Black out

Black out or the sudden loss of consciousness is one of the most alarming symptoms that send patient to seek help from the specialist. Such events often result in falls and fractures, the consequences can be devastating.

The loss of consciousness is usually attributed to either the heart or the brain.

Cardiac Syncope (loss of consciousness due to heart condition)

Our heart rate is closely regulated and automatically adjusts its speed to our physical activities. However, should the heart beat suddenly slow down or have a prolonged pause, the heart stops pumping for a few seconds and without blood supply to the head, this leads to transient dizziness or worse – black out.

Such abnormality is often seen in the more matured subject and those on certain medication that slow down the heart.

Patient with such complaint maybe asked to wear a heart monitor for a day or two to capture any abnormal heart rhythm disturbances.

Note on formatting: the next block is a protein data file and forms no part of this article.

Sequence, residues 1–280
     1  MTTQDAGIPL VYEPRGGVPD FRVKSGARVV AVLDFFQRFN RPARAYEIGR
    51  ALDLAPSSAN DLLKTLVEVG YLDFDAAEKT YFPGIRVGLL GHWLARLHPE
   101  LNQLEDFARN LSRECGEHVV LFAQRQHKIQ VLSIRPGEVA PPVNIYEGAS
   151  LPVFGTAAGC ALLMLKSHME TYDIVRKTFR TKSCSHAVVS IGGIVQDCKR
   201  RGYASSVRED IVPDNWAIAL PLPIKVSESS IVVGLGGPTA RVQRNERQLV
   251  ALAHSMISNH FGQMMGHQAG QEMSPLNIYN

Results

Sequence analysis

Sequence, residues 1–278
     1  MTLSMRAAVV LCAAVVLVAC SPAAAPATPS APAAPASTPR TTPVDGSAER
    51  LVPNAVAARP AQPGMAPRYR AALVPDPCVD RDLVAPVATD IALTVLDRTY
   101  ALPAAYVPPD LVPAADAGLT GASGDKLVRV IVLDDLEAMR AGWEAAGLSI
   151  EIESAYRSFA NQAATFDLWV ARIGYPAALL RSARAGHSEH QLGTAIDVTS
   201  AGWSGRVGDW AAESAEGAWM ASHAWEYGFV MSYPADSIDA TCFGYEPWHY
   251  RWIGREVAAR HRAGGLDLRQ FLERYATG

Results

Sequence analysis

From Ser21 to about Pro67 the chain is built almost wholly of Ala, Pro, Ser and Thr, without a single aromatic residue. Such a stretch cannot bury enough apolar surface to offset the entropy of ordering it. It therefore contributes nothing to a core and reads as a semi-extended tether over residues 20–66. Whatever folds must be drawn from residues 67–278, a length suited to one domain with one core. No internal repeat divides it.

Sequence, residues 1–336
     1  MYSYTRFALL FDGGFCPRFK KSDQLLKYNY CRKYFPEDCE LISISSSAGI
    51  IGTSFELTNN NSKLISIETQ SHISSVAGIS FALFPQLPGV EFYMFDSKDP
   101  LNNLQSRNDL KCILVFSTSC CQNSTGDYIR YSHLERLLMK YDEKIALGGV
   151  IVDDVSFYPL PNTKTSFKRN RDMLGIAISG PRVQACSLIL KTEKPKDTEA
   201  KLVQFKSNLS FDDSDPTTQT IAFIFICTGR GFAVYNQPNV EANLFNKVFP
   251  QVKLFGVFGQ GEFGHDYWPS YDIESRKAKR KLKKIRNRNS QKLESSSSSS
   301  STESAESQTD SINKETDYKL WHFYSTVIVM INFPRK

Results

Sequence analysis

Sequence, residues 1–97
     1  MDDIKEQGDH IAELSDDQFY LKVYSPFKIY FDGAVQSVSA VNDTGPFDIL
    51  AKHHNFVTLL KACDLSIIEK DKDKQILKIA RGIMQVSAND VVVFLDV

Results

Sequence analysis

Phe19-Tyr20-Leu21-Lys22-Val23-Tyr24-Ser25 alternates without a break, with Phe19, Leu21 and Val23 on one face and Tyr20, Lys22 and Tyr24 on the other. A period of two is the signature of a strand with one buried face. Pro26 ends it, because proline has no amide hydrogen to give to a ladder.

Management varies from fine-tuning the current drug regime to implantation of a pacemaker to compensate for the slow or missing heartbeat.

Neurological cause of loss of consciousness

Brain problems like seizures and epilepsy may also present as black out. A carefully taken history with the patient and his or her companion may be very helpful in clarifying the nature of the problem.


Heart Diseases

Our Cardiologist

Dr. Paul Ong

Senior Consultant Cardiologist

BA (Cambridge)
MB BChir (Cambridge)
MA (Cambridge)
CCST Cardiology (UK)
FRCP (London)
FESC (Europe)